October 2016, Vol. 243, No. 10


How Pipeline Isolation Tools Save Time and Money

By Curtis Rogers, Operations Manager, Integral Pipeline Technologies, Edmonton, Alberta, Canada

Pipeline repairs are a necessary evil. Internal positional plugging devices are one way that modern pipeline operators isolate sections of pipe – safely and quickly – with zero effect on the steel’s integrity.

Before isolation pigs arrived on the scene, operators had to choose between purging or draining long sections of pipeline, or installing an intrusive full bore tap. These older tactics, while effective, also carry a full range of issues. Older methods are significantly less efficient than isolation tools when it comes to saving time and money while maintaining high standards of safety and integrity.

Pipe operators, in general, don’t want to shut down massive lengths of pipeline, which pretty much shuts down the whole operation for the duration of repairs. A bore-tapping device opens up the possibility of future integrity issues in the pipe. Projected integrity issues are something no one wants – from pipeline operators to residents living nearby. Additionally, bore tapping leaves behind a mess of fittings or holes.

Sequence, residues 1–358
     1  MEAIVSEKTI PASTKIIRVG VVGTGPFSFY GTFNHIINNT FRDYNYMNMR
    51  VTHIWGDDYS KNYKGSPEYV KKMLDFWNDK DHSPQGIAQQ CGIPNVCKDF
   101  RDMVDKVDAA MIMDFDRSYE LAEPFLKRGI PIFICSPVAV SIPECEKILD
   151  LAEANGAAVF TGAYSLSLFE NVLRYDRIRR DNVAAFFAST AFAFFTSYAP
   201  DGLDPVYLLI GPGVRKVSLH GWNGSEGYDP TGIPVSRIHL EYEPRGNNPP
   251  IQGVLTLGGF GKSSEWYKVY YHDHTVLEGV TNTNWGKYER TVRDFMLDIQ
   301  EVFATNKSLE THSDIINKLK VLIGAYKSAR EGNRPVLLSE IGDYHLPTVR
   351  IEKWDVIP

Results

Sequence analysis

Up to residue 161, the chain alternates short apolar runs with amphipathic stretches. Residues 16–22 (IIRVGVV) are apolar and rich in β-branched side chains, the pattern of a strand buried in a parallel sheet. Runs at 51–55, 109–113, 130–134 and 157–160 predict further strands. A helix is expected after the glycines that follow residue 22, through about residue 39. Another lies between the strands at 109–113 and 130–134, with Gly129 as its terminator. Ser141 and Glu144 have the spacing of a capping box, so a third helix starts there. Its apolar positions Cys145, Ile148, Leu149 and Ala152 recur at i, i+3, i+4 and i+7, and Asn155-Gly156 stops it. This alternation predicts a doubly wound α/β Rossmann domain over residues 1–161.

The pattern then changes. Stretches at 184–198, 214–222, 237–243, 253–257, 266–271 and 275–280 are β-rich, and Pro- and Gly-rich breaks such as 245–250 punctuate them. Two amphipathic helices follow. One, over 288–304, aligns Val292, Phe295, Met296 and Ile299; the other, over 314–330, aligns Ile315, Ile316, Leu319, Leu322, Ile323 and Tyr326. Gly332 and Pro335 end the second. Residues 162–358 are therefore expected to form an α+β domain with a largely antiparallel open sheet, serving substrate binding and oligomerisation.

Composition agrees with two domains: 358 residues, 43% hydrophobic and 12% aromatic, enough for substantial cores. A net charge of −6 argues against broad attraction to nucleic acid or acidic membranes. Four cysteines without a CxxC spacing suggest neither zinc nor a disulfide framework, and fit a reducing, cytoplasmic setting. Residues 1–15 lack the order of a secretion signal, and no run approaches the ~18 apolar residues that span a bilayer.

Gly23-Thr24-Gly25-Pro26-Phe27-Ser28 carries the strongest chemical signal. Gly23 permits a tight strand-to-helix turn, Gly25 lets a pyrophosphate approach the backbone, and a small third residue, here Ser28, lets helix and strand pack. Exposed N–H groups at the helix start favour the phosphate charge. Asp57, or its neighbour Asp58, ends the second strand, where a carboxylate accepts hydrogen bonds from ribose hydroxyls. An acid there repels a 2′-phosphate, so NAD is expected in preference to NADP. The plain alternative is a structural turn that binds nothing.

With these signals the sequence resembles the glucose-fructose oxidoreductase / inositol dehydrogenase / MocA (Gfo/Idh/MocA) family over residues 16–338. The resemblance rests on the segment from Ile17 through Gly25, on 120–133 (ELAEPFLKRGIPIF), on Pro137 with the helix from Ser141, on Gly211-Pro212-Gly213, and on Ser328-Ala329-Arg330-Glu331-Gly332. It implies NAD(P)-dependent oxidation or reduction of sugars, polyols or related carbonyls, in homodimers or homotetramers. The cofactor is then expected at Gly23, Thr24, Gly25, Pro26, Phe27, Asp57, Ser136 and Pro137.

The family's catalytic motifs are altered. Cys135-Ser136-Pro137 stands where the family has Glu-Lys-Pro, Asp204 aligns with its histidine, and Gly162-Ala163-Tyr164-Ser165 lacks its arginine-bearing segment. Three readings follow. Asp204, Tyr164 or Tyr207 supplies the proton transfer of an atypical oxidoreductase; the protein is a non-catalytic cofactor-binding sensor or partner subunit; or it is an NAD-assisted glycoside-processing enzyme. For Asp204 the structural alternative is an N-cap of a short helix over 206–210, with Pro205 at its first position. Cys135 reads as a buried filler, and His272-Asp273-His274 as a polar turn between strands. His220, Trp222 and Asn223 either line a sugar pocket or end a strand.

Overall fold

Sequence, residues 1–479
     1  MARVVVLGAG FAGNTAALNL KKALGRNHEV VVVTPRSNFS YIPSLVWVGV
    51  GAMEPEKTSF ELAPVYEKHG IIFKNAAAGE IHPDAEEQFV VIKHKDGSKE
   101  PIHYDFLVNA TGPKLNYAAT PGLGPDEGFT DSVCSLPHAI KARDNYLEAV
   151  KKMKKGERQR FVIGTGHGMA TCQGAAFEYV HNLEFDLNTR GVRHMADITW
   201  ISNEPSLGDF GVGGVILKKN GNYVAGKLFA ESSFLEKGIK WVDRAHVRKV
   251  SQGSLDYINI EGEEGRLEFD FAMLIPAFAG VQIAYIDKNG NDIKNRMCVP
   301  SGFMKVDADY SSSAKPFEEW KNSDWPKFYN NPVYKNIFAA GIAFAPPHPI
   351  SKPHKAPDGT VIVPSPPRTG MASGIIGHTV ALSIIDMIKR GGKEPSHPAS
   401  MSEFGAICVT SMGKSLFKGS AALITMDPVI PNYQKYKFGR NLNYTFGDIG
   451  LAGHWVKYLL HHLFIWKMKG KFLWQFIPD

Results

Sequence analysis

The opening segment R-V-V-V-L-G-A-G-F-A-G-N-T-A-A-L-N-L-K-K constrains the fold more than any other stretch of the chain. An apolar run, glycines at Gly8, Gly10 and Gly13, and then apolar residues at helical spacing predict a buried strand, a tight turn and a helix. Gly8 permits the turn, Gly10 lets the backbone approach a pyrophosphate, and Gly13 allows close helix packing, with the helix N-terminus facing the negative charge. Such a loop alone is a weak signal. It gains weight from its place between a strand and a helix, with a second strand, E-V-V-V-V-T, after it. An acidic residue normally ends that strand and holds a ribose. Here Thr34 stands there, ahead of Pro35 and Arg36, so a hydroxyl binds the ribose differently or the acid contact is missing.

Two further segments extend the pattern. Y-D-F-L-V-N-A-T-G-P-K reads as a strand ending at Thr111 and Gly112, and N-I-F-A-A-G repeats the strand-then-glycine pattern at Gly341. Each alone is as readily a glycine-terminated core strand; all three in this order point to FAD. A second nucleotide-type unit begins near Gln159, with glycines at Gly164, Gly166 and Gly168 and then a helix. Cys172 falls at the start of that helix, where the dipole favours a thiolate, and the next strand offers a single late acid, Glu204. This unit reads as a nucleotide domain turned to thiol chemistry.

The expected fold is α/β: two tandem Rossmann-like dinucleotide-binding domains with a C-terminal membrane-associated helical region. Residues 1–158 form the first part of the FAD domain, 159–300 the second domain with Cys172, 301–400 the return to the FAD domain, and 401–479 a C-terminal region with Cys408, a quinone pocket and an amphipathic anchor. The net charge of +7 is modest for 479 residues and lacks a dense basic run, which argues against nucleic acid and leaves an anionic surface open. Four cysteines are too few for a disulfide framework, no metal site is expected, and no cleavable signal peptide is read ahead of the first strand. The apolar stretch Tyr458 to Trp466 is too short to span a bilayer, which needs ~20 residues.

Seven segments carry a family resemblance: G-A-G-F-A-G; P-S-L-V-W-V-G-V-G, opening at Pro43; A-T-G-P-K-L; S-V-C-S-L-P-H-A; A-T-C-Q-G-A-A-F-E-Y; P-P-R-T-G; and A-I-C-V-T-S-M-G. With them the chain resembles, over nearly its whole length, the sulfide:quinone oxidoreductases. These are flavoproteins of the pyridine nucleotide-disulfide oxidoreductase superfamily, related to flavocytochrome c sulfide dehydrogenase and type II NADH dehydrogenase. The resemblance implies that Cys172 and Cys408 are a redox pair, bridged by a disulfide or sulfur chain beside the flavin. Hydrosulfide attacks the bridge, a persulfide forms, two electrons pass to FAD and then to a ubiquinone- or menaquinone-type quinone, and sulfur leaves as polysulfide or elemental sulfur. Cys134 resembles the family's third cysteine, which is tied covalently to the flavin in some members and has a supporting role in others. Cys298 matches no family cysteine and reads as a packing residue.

Used singly, or in tandem, isolation tools are an effective and efficient method for many types of pipeline remediation. These types of pigs have been used for: anomaly repairs, valve maintenance and repair, reroutes, new delivery points, new pump station tie-ins, launch/receive trap maintenance, stuck pig removal (flow required), decommissionings, and abandonments.

The tools are bidirectional-capable, making trap repairs a quick and easy in-out endeavor. They can also be configured to be purgeable, and nitrogen can be used to propel them for applications where is it necessary to displace the product, such as a re-route.

Isolation tools are relatively simple to operate. They can be used to minimize risk and keep downtime low while maximizing efficiency. The result is a clean, productive flow line that banishes the ghosts of repairs, like leftover fittings or holes.

Isolation at Crossroads

Project managers at a newly constructed tank farm in Cushing, OK needed a new delivery point along an existing pipeline. Integral Pipeline Technologies deployed two 24-inch IsoTools to Cushing immediately. The tools would isolate the pipeline and allow tie-in of the new valves and delivery laterals.

The IsoTools were launched 300 feet apart in crude oil, and tracked to the tie-in location. The lead pig was parked 12 feet downstream of the tie-in location. Tool operators used the remote communication system to set the tools, and the pipeline was isolated within 36 minutes.